• With every build.

Taking a close look at the various components of technical debt during the  bi-weekly iteration review meeting provides plenty of useful information to the process. For example, you might look for insights to explain the following:

  • Why is the unit test coverage figure going down?
  • Any particular reason the cyclomatic complexity figure has gone up?
  • Why is the figure of merit for design lower than the figure indicated in the previous iteration review meeting?
  • Many others…

The emphasis in this mode of operation is on guiding the retrospection. Plenty of good and valid reasons might exist for any of the trends mentioned above. However, observing the trends helps you ask the right questions, focusing on what happened during the iteration just completed. In conjunction with technical debt data from previous iteration review meetings, trends that characterize your software development project become visible. You may or may not need to change anything you are doing, but you become very conscious of any “let’s not change” decision.

An intriguing practice suggested by colleague and friend Erik Huddleston is to make technical debt a criterion for the build to pass. The build automatically fails if the technical debt figure has gone up. Or, if you are very focused on a specific aspect of technical debt such as complexity, you fail the build whenever the complexity figure of merit rises above  a certain pre-determined threshold. For example, you might fail a build in which the cyclomatic complexity per method has exceeded 4.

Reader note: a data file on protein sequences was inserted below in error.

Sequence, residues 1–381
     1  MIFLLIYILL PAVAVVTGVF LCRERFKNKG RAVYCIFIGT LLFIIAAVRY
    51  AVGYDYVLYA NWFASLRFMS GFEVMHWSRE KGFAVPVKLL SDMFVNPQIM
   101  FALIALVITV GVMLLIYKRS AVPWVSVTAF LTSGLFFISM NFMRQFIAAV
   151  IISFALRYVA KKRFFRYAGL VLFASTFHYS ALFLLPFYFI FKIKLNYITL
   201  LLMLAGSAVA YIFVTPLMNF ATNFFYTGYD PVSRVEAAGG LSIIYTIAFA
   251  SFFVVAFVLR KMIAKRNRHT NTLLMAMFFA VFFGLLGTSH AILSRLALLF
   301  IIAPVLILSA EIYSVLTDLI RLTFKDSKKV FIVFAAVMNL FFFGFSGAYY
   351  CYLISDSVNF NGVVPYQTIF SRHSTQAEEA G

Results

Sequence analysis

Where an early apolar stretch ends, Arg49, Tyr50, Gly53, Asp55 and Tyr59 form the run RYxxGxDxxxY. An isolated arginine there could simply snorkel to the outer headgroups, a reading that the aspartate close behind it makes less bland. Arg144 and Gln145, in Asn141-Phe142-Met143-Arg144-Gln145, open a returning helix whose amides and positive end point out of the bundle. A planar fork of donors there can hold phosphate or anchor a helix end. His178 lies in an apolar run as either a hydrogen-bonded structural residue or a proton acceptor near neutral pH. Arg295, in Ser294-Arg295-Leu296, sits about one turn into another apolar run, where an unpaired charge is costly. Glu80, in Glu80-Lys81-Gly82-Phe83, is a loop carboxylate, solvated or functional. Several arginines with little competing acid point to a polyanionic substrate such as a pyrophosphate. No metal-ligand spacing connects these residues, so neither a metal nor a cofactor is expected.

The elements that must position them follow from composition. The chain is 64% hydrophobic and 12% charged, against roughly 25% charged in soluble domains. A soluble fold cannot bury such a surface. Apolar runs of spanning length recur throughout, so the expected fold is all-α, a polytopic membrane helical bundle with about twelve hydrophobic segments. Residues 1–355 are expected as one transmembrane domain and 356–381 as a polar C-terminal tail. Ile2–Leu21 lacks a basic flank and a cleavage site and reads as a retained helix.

The power of failing a build whenever the technical debt arises is in utilizing the build as an exceptionally effective influence point. You instill the discipline of reducing technical debt one build at a time. If your team aggressively practices continuous integration, it will address technical debt issues multiple times a day. Instead of staring at a “mountain” of technical debt towards the release of a product, you chunk it to really small increments that get addressed “real-time.” For instance, a build that failed due to lack of comments can usually be fixed very quickly by the developer who “upset the apple cart” while the logic embedded in the code is fresh on his/her mind.

A good insight to the way the tactical use of technical debt techniques adds value is provided by the following observation: the technical debt data is observed from outside the Agile process. Hence, technical debt data  is nicely suited to guiding the process. If you think of the software engineering fabric as a virtual stack, the technical debt “layer” could be considered a layer above the Agile process.